A Short Stay in Long Beach

My niece, Lynnae, is in Long Beach—her first trip to California and the West Coast. We visited last evening and breakfasted this morning, when I used iPhone 7 Plus to capture a portrait. Her family lives on a 7-acre “homestead” in Vermont, where she works part-time for a local company but also operates her own small business—making (and selling) fresh, natural cosmetics from her own recipes; eh, formulas.

Lynnae’s energy, geniality, and clarity are irresistibly endearing. She’s a social butterfly, too. After looking around the Hyatt for a place to eat, and finding nothing appealing to either of us, I suggested dining at the hotel. About an hour earlier, Lynnae told me about trying to beat back jet lag the previous night, her first; she snacked and sipped at the restaurant pub. Ha! The woman makes friends easily. She could have been a regular for years judging from the hand waves and by-name greetings received as we walked in together. 

My sister Nanette used the visit as opportunity to send precious heirlooms that had belonged to my mother. These included a treasure trove of irreplaceable family photos and momma’s Toshiba Chromebook 2 and Nexus 6—both of which I had given to her. If not for her death on August 5th, I would have replaced the smartphone with Google Pixel XL next month. I passed along what would have been mom’s new Chromebook to Lynnae, for her 7th-grade daughter; the local middle school, like so many others, has adopted Google’s platform.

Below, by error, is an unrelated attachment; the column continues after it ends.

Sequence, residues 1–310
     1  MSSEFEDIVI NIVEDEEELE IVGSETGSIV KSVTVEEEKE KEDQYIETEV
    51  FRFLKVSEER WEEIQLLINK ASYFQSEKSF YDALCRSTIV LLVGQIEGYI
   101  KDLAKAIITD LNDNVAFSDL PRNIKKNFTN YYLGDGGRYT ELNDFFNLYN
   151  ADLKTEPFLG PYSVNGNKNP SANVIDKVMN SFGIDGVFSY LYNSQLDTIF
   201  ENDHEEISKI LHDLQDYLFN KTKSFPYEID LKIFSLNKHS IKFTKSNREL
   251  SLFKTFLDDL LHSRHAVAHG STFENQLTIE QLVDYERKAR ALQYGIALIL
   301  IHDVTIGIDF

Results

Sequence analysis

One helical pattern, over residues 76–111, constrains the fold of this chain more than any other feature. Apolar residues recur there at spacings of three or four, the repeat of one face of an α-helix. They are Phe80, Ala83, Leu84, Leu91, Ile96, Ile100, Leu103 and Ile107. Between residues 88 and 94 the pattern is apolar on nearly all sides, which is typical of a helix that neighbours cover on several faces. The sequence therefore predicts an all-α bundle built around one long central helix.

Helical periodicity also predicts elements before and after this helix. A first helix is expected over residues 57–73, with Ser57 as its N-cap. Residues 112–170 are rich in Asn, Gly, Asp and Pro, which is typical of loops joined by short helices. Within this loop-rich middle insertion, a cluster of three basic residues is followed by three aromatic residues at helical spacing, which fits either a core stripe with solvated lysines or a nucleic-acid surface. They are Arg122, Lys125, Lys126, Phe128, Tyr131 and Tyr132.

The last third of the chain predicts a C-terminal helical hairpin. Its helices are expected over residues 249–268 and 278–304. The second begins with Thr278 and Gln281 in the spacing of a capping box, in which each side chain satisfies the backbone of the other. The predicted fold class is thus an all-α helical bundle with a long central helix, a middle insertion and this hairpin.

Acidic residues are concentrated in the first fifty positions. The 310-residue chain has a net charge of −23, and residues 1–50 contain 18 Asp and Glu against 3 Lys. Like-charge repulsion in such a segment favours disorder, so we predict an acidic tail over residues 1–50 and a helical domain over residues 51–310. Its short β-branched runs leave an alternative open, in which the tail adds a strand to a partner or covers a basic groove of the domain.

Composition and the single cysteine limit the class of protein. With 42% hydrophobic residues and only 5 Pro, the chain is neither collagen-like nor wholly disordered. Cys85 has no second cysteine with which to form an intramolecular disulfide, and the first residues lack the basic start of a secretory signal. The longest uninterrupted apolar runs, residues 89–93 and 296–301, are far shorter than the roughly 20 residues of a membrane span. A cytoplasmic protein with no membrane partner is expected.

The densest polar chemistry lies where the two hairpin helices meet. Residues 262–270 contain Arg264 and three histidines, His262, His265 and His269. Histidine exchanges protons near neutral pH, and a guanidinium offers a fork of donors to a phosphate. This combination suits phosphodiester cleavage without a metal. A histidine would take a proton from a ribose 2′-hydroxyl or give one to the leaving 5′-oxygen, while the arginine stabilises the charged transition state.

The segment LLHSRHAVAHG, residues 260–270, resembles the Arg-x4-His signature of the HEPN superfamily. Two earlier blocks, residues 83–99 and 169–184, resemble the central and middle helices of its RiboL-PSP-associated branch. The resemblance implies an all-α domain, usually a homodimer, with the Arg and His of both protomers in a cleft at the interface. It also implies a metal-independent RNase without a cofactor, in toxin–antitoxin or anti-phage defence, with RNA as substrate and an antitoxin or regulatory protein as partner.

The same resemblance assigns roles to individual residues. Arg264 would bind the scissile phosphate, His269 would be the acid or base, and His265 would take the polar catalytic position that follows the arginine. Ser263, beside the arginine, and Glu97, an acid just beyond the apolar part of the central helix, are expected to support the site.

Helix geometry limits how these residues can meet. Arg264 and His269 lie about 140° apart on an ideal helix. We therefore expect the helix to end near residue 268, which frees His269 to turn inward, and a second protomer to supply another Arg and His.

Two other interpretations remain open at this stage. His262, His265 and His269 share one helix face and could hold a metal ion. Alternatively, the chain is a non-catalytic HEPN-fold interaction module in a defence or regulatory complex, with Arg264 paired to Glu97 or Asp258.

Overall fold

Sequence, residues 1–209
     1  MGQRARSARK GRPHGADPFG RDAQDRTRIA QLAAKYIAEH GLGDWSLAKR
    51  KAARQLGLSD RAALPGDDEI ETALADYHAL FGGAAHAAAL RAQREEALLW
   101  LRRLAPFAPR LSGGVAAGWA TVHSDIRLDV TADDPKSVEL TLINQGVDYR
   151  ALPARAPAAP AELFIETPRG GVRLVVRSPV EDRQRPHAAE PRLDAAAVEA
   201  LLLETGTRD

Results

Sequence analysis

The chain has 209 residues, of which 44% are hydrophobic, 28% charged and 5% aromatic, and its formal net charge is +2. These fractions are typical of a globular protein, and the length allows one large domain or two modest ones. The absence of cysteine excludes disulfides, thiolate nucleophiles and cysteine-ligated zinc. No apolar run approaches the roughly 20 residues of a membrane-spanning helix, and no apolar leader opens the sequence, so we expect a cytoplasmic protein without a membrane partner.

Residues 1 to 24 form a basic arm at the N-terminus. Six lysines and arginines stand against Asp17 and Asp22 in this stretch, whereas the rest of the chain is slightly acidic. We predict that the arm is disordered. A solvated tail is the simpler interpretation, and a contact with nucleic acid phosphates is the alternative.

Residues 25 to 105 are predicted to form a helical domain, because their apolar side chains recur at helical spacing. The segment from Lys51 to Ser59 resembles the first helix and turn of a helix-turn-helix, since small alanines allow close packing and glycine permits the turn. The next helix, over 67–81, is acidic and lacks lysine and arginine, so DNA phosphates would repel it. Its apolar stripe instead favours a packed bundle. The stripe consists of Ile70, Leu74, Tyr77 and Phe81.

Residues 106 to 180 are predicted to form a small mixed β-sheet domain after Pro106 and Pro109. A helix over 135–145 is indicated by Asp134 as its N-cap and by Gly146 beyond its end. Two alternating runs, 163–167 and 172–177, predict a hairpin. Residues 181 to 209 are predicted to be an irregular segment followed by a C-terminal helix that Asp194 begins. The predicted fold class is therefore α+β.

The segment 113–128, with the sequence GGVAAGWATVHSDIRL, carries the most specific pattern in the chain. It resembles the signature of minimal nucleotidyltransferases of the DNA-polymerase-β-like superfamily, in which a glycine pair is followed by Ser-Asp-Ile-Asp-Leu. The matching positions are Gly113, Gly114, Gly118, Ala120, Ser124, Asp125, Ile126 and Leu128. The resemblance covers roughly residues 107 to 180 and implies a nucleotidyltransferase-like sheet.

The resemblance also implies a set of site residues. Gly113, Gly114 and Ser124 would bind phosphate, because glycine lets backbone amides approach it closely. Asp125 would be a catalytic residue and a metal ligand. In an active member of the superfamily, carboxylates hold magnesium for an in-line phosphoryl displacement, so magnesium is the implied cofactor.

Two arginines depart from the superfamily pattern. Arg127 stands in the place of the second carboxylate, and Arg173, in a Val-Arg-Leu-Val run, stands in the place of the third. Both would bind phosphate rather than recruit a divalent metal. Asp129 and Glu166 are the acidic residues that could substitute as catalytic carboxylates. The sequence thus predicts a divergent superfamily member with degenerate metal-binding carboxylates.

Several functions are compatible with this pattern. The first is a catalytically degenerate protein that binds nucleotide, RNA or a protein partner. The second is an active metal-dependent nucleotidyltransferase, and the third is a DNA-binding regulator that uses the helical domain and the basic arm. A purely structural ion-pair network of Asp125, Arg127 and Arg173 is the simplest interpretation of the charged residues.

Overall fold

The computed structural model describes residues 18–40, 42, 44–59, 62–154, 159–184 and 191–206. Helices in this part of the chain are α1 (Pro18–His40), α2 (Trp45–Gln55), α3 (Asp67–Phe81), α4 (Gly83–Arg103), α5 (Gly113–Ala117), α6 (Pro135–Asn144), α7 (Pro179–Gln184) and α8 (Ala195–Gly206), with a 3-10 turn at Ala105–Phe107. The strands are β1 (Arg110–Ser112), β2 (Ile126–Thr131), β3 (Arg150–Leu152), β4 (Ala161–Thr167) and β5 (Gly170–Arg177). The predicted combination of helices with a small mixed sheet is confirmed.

My wife is the consummate researcher,  who loves to uncover alternatives. She had one to my driving from San Diego to Long Beach: Greyhound bus, traveling for two-and-a-half-hour ride, arriving at a depot 2.7 km (1.7 miles) from the hotel, and purchasing a ticket for a mere $16 one-way. Hotel parking would cost more. How could I refuse an adventure?

Legs stiff and needing some movement, I walked from the bus depot to the Hyatt. I booked a room, too, so that we would have more time together—so long ago was the last visit that my niece was much younger than her daughter is now. Yikes! I confess to being a bad uncle—and, yeah, can make no legitimate excuses.

Jet-lag weariness overcame Lynnae sometime after 8 p.m., leaving me about 35 minutes to prowl the outdoor outlet mall across the street from the hotel. I had long wanted to peruse a Columbia store, but frigid air-conditioning kept shopping short and I left empty-handed. Shopping continued elsewhere. I needed something—perhaps sack or backpack—to lug home the heirlooms. The Cotton On outlet had just the thing: 2-buck tote bag.

While I stood in line to pay, two African American brothers—lanky, handsome pair who towered over me—argued about making a donation to help kids in Uganda. The cashier asked the one paying if he would like to give a buck. Of course! That’s when a complaint from the younger man toppled my perceptions. He called, in somewhat mocking tone, the other guy “dad”. Hey—what? That dude paying did not look like “Who’s your daddy?” material to me. The cashier agreed after the two left, when I asked for his opinion about the youthful appearance.

Oh, but I digress.

I must commend the dad for sticking to his conviction to donate to the Cotton On Foundation. His son insisted that trying to help the Uganda kids would only hurt them. I don’t recall if he called it economic or American imperialism—or perhaps both. But that was the meaning.

The cashier didn’t ask me to make a donation, which seemed odd—until I got the bag back to the hotel. As you can see in the photo, where the sack is turned sideways to show front and back text: “Not Just a Tote. It’s 40,000 litres of clean drinking water for an entire community”. Proceeds from the sale go to the Foundation. Considering the color, it’s kind of like (Product) RED in white.